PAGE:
The B1G List: Ranking the State Fossils of the Big Ten

By Johnny Ginter on May 20, 2013 at 4:30p
The B1G List: Ranking the State Fossils of the Big Ten


I love 'em! Little ancient monster bones buried in the dirt, they're like terrifying Easter eggs put in the ground for weird kids and weirder adults to dig up and show off to other weird kids and weird adults.

And if you were a weird kid (I was), you likely spent a fairly large percentage of your waking hours looking for fossils, hoping that by some insane stroke of luck you'd find a T-Rex femur or Deinonychus claw stuck in the sheet rock that your neighbors used to edge their lawns. After all, that's more or less how dinosaur fossils were found in the late 1800s, and if it was good enough for Othniel Marsh then it was good enough for Johnny Ginter.

One advantage that I had was that I grew up near Caesar Creek, where I did a lot of fishing and staring at rocks in order to find the remains of whatever goofy thing the Cambrian era decided to spit out into the universe. I was fascinated by the sheer amount of fossils around and how incredibly crappy most of them were; sometimes you would find a petrified shell thing, which was awesome, but most of the time it was just bits and pieces of an evolutionary dead end that we'd now serve as an appetizer at Red Lobster.

State fossils gave me hope. Because dagnabit, if there's enough of a certain type of fossil within a state to make it the official state fossil, it stands to reason that there must be literally trillions of the things buried in the ground, and all I needed to do was dig around with a trowel in my backyard long enough and I'd find one, probably way more though because I labored under the impression that I was smart.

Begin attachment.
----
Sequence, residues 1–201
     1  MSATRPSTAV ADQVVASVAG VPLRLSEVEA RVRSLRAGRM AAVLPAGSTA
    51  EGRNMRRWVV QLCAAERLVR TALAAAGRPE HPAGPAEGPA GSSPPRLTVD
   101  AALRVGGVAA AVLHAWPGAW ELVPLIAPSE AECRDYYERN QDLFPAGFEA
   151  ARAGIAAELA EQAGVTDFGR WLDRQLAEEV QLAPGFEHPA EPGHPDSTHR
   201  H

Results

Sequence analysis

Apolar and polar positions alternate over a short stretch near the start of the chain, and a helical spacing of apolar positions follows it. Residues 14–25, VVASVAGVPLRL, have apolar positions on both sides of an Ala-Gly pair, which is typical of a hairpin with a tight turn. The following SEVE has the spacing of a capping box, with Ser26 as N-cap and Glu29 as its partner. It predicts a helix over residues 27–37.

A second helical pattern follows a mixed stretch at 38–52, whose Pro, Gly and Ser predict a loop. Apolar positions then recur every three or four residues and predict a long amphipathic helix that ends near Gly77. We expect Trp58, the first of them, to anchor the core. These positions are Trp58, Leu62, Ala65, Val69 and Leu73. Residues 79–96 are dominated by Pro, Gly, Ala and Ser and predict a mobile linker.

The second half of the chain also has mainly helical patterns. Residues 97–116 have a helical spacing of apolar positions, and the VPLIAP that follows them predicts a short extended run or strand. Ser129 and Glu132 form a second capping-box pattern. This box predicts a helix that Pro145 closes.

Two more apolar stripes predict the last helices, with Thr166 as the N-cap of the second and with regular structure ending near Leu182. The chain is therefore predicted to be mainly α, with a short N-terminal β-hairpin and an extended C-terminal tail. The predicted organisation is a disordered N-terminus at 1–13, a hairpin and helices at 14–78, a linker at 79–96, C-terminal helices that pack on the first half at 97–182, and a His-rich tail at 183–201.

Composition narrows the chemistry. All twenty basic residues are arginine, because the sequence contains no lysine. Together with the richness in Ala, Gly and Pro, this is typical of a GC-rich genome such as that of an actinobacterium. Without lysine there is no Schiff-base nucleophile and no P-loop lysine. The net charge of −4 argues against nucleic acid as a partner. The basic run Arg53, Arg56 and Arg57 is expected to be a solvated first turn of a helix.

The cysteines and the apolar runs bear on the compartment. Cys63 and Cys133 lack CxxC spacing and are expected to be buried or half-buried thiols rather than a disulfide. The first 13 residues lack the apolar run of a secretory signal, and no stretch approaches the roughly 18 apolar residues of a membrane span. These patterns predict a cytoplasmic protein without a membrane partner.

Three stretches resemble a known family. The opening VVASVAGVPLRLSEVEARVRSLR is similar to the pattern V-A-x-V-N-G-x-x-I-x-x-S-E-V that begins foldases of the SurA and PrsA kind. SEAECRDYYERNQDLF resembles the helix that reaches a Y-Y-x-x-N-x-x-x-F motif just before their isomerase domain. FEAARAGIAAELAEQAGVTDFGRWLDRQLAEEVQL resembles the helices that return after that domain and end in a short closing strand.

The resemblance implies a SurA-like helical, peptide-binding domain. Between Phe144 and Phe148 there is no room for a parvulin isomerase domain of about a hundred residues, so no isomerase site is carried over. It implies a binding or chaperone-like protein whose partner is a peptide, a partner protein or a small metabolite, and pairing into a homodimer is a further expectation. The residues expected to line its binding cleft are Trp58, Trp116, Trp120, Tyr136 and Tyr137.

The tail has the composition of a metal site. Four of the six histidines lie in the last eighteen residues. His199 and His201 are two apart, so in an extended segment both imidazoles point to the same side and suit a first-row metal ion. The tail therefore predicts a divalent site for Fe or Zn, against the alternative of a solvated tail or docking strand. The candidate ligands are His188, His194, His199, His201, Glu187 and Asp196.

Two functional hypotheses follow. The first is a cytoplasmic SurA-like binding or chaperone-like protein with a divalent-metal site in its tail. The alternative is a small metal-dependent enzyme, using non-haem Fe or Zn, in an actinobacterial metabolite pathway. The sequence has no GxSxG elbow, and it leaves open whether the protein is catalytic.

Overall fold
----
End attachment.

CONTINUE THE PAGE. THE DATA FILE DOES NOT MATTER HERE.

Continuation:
I wasn't, and I'm not, and I never found anything cool outside of Caesar Creek or apologized to my mom for tearing up her yard. But official state fossils are still pretty rad. 

First thing's first. Minnesota, Iowa, and Indiana do not have state fossils. This is stupid, considering the incredibly rich and varied geological history of the Midwest, and even stupider for Minnesota because of the ice age megafauna, among the most common in the Great Lakes region was the giant beaver. Which you might think is a somehow misleading name, but nope, it was just a bigass beaver.

This is like the easiest call in the world, guys. Get on it.

8. Illinois: Tully Monster (Tullimonstrum gregarium)

Ugh, terrible. Despite the what it sounds like, tully monster is not the nickname of a guy who lives above the garage in a 90s family comedy on TGIF. Instead, it's a gross sea cucumber thing that looked like it was created by someone pulling a lever on a slot machine in Vegas and agreeing to live with the result. The reason why it's the state fossil of Illinois is because so far it's only been found in the state, but that's more of a knock on Illinois than anything else.

7. Maryland: Ecphora (Ecphora gardnerae)

So gracefulGazelles of the sea